A lot of the driving forces in natural evolution and artificial evolution as discussed in this example, with evolutionary algorithms, are based on competitive interactions among individuals. Going back to my definition of competitive interactions I see that a lot of these variations of evolutionary algorithms fall under this definition in different ways. In the basic evolutionary algorithm when an individual is selected to mate, it is seen as a positive change for that individual as it is allowed to pass on its “genes”. This goes on the expense of other individuals because only a limited number of individuals are allowed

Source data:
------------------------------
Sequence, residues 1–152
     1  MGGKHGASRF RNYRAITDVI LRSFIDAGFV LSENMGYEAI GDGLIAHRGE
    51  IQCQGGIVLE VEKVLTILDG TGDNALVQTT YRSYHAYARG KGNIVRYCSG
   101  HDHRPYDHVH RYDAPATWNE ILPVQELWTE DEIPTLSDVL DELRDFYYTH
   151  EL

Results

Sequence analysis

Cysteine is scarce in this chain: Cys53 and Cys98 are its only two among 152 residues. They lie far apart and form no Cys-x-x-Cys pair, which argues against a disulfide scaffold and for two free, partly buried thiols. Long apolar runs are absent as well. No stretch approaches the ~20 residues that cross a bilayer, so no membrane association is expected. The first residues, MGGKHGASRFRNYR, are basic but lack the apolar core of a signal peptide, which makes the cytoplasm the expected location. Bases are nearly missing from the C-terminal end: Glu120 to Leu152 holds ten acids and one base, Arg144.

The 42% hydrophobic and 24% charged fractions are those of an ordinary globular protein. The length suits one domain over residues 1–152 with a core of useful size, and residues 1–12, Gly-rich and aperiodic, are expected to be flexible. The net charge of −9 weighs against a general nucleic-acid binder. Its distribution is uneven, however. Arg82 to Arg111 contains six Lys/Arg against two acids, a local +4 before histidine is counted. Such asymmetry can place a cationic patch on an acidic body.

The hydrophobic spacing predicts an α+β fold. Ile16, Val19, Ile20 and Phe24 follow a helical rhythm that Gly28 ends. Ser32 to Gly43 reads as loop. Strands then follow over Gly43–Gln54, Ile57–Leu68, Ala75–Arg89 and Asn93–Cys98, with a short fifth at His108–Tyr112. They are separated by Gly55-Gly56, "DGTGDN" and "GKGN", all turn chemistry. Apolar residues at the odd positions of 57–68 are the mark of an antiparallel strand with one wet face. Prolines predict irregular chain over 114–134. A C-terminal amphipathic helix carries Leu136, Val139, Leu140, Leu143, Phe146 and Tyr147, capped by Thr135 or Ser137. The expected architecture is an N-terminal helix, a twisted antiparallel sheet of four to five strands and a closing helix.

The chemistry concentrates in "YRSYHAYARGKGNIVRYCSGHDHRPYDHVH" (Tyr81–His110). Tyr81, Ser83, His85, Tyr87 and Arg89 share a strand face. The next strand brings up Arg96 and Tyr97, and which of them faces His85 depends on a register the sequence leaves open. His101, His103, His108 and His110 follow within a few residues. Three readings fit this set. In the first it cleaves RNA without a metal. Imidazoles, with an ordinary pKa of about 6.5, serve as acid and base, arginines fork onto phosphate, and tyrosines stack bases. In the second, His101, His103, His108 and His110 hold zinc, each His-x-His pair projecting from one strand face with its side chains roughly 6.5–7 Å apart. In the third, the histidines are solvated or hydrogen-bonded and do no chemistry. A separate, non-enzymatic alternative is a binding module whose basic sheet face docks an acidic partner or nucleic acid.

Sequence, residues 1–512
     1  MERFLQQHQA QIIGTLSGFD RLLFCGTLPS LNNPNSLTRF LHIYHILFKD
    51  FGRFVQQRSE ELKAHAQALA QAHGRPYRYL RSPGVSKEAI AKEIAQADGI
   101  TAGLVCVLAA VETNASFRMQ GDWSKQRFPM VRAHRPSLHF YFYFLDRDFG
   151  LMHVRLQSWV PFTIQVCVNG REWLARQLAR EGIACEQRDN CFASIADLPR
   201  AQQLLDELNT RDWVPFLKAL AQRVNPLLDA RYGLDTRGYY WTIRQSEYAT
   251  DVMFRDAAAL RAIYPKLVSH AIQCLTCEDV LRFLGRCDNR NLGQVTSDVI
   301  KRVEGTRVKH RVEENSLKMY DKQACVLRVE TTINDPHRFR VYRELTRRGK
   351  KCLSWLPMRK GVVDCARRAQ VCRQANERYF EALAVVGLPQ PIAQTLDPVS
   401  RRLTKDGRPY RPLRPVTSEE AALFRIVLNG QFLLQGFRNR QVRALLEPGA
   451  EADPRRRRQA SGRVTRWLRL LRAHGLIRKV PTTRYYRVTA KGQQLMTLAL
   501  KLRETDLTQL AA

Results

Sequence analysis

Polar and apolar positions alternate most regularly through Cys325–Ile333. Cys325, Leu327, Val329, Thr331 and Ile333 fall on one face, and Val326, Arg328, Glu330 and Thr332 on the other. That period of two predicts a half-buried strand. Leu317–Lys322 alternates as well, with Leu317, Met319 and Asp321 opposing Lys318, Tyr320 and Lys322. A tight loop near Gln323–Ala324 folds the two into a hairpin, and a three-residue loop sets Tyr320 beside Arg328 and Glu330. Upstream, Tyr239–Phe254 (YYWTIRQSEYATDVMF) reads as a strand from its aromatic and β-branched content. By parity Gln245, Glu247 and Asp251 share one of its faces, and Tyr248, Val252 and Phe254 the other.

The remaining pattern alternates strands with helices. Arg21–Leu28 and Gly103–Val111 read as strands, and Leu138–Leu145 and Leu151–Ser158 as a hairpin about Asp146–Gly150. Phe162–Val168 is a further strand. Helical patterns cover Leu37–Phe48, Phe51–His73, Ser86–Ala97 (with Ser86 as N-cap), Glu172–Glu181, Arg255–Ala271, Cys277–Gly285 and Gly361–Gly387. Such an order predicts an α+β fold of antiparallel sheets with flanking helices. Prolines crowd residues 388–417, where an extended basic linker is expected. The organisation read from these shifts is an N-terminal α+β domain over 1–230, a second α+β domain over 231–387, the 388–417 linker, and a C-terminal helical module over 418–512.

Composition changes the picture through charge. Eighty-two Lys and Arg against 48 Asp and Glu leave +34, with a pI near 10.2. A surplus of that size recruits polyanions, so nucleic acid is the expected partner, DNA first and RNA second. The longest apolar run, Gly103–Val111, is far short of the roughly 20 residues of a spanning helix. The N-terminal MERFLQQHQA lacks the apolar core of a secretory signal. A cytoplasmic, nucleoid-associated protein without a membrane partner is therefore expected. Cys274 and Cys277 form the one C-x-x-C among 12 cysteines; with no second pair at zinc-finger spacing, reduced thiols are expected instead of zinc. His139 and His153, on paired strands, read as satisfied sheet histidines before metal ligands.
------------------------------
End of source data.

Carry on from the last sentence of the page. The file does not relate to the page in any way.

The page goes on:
to mate. Also, with elitism an individual positive change or gain is to be allowed to survive to the next
generation. This goes on the expense of other individuals because the number of individuals allowed to
be characterized as an elite is limited. A positive change for one individual is also the increase in
fitness. In competitive co-evolution this increase in fitness for one individual can lower the fitness of
Hence I conclude that competitive interactions among individuals is the driving force of both natural and artificial evolution.
Each of the variations of EAs, that introduce competitive interactions among individuals, differ in how emergent the competitive interactions are, but most of them are quite explicitly programmed. For instance in elitism it is very clear that the competition will occur.
Competitive neural networks